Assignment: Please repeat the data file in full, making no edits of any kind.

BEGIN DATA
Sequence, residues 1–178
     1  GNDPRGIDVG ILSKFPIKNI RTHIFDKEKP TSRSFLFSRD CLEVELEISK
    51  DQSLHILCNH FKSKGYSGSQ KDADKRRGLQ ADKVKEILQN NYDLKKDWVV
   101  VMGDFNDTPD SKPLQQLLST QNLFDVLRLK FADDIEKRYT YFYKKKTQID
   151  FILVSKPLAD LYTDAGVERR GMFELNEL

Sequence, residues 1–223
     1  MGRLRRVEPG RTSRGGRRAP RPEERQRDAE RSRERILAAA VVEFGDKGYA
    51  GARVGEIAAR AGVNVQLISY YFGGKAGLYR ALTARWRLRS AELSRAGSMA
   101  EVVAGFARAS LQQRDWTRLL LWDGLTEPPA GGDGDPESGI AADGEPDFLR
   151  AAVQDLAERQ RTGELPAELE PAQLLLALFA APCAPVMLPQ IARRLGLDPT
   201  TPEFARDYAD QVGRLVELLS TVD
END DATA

Sequence, residues 1–178
     1  GNDPRGIDVG ILSKFPIKNI RTHIFDKEKP TSRSFLFSRD CLEVELEISK
    51  DQSLHILCNH FKSKGYSGSQ KDADKRRGLQ ADKVKEILQN NYDLKKDWVV
   101  VMGDFNDTPD SKPLQQLLST QNLFDVLRLK FADDIEKRYT YFYKKKTQID
   151  FILVSKPLAD LYTDAGVERR GMFELNEL

Sequence, residues 1–223
     1  MGRLRRVEPG RTSRGGRRAP RPEERQRDAE RSRERILAAA VVEFGDKGYA
    51  GARVGEIAAR AGVNVQLISY YFGGKAGLYR ALTARWRLRS AELSRAGSMA
   101  EVVAGFARAS LQQRDWTRLL LWDGLTEPPA GGDGDPESGI AADGEPDFLR
   151  AAVQDLAERQ RTGELPAELE PAQLLLALFA APCAPVMLPQ IARRLGLDPT
   201  TPEFARDYAD QVGRLVELLS TVD